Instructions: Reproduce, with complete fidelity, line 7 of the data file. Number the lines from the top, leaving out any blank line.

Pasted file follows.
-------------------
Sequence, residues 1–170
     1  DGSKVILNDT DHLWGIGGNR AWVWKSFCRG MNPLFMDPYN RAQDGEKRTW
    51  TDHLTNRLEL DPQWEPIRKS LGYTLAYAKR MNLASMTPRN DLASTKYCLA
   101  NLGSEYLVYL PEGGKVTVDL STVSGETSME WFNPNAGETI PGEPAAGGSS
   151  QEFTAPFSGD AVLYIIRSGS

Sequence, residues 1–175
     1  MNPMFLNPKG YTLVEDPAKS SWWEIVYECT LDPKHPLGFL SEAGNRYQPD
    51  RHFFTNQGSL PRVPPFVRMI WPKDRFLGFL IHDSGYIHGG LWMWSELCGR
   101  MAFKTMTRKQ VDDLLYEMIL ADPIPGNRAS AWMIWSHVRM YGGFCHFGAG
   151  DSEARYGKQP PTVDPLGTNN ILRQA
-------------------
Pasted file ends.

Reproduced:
     1  MNPMFLNPKG YTLVEDPAKS SWWEIVYECT LDPKHPLGFL SEAGNRYQPD